After 38 seasons as coach, 16 SEC titles and eight national championships, Pat Summitt is stepping down as Tennessee’s women’s basketball coach.

    Summitt is now the head coach emeritus and longtime assistant Holly Warlick becomes the Lady Volunteers’ head coach.

    “I’ve loved being the head coach at the Tennessee for 38 years, but I recognized that the time has come to move into the future and step into a new role,” Summitt said in a UT release. “I support Holly Warlick being named the next head coach, and I want to help ensure the stability of the program going forward. I would like to emphasize that I fully intend to continue working as head coach emeritus, mentioning and teaching life skills to our players, and I will continue my active role as a spokesperson in the fight against Alzheimer's through the Pat Summitt Foundation Fund.

    “If anyone asks, you can find me observing practice or in my office. Coaching is the great passion of my life, and the job to me has always been an opportunity to work with our student-athletes and help them discover what they want. I will continue to make them my passion. I love our players and my fellow coaches, and that's not going to change.”

    Summitt won 1,098 games,  the most in NCAA basketball history, men or women’s, during her UT career that began in 1974. She announced on Aug. 23, 2011 she had been diagnosed with early-onset dementia, Alzeheimer’s type. During the 2011-12 season, her assistants — Warlick, Mickie DeMoss and Dean Lockwood — took on a more active coaching role with the team.

    “I’m very thankful for all Pat Summitt has done to prepare me for this opportunity,” Warlick said. “She is my coach, mentor, and great friend, and I am honored with the opportunity to continue and add to the great tradition of this program. I’d like to thank (UT athletic director) Dave Hart, (UTK) Chancellor (Jimmy) Cheek, and the University for having confidence in me to lead the Lady Vol program, and we will work as hard as we possibly can with the goal of hanging more banners in Thompson-Boling Arena.”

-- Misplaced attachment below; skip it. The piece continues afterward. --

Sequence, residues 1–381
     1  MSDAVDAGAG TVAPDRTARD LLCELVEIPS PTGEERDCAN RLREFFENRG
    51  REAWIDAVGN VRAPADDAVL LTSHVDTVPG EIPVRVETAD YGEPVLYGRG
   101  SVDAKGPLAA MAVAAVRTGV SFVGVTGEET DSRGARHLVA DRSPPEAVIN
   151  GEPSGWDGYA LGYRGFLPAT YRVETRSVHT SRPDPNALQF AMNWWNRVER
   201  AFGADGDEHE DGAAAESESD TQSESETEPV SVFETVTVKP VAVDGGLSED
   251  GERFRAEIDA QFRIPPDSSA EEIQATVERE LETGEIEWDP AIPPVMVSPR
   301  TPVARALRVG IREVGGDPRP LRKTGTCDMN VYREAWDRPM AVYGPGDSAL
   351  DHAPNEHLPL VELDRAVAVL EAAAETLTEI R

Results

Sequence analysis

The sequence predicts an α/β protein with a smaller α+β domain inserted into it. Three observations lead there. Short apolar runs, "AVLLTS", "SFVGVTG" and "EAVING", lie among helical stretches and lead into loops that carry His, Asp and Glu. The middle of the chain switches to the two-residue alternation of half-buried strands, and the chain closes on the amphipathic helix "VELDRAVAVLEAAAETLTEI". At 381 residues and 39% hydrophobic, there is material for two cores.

Warlick was a three-time All-American point guard at Tennessee under Summitt during her playing career (1976-80). She was named associated head coach in 2003.

    Tennessee is the only school to play in all 32 NCAA women’s tournaments. Summitt guided the Lady Vols to 18 trips to the Final Four, produced 12 Olympians and 21 All-Americans. She also coached the U.S. women’s basketball team to a gold metal in the 1984 Summer Olympics in Los Angeles.

    “It is extremely difficult to adequately express what Pat Summitt has meant to the University of Tennessee, the sport of basketball, and the growth of women’s athletics nationally,” Hart said. “She is an icon who does not view herself in that light, and her legacy is well-defined and everlasting. Just like there will never be another John Wooden, there will never be another Pat Summitt. I look forward to continuing to work with her in her new role. She is an inspiration to everyone.

    “Holly Warlick has earned the opportunity to be the head women’s basketball coach at the University of Tennessee and to lead the Lady Vol program she has embraced as a player and a coach. I watched Holly grow tremendously as a coach throughout this past season. Under unique circumstances, the job she did away from the glare of the lights and crowds was as impressive as the job she did during game action. At this time in our historic program, which Pat Summitt built from scratch, Holly Warlick, the former player and longtime assistant coach, is deserving of the head coaching position. Her mentor will be available for insight and advice, but this is Holly’s team now.”